Dark Sky

8:00 p.m., Fri., Sept. 17th (18th rain date)

Marine Elementary School Grounds

People from our past can come back to haunt us sometimes—and often in good ways! Many years ago, when I was a high school teacher, I taught a young student named Mike Lynch. He was a cheerful and earnest student but little did I know that he would go on to WCCO weatherman fame for over 30 years! Even my brother listened to ‘CCO radio every morning at breakfast and tuned to the daily weather through Mike.  

Some years ago Mike sent me a book he’d authored with photos and text about the night sky, joking that he’d learned something in my English class. I realized that he had a wealth of knowledge and love for the sun, moon and stars—and our galaxy. So, when our GreenStep Dark Sky team was looking for an expert on the stars I thought of Mike—who then graciously accepted our invitation to celebrate the Fall Equinox with us here at the Marine Elementary School grounds.

The word “equinox” comes from Latin aequus, meaning “equal,” and nox, “night.” On the equinox, day and night are roughly equal in length. The fall equinox is the astronomical start of the fall season in the Northern Hemisphere and of the spring season in the Southern Hemisphere.

During the equinox, the Sun crosses what we call the “celestial equator”—an imaginary extension of Earth’s equator line into space. The equinox occurs precisely when the Sun’s center passes through this line. When the Sun crosses the equator from north to south, this marks the autumnal equinox; when it crosses from south to north, this marks the vernal equinox.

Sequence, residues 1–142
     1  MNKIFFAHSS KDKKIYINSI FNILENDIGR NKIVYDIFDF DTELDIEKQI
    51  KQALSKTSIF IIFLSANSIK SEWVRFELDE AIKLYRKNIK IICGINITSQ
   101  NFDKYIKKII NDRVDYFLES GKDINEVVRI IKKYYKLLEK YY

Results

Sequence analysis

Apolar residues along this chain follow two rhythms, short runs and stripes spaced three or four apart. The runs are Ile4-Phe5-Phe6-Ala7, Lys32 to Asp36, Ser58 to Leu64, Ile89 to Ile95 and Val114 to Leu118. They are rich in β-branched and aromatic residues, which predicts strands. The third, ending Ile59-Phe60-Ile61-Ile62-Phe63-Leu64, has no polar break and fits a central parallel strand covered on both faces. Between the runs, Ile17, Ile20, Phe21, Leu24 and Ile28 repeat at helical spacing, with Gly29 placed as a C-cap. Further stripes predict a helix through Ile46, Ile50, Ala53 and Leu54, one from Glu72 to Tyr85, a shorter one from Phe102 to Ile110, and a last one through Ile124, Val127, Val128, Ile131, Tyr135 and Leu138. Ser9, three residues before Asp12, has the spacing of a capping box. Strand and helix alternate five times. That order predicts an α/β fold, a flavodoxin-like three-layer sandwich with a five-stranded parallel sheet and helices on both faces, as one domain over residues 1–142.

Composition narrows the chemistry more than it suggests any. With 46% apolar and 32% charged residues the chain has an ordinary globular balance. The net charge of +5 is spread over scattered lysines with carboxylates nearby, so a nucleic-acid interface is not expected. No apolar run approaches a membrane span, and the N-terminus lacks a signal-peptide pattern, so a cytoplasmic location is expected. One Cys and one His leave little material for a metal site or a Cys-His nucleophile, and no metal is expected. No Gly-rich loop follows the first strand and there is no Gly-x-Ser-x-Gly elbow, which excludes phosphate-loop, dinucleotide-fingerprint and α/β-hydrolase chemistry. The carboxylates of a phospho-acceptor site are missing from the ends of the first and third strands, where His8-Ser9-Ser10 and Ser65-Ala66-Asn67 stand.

After the autumnal equinox which is Sept. 22 in 2021, the Sun begins to rise later and nightfall comes sooner. Some of us find the transition to longer darkness hard to adjust to. However, looking up and seeing all the treasures of the night sky with a more practiced eye can help us appreciate this darker time of year. Then, with the December Winter Solstice, the days start to grow longer and the nights shorter.

Save the date and join us for a family friendly star-gazing evening!  

  • Mike will do a short presentation followed by a chance to ask questions and to look through 3 of his powerful telescopes.  
  • Refreshments will be available. 
  • Bring a chair if you want to sit.
  • Mask wearing encouraged though optional.
  • For more info contact mbkraske@gmail.com or nccwisdom@gmail.com

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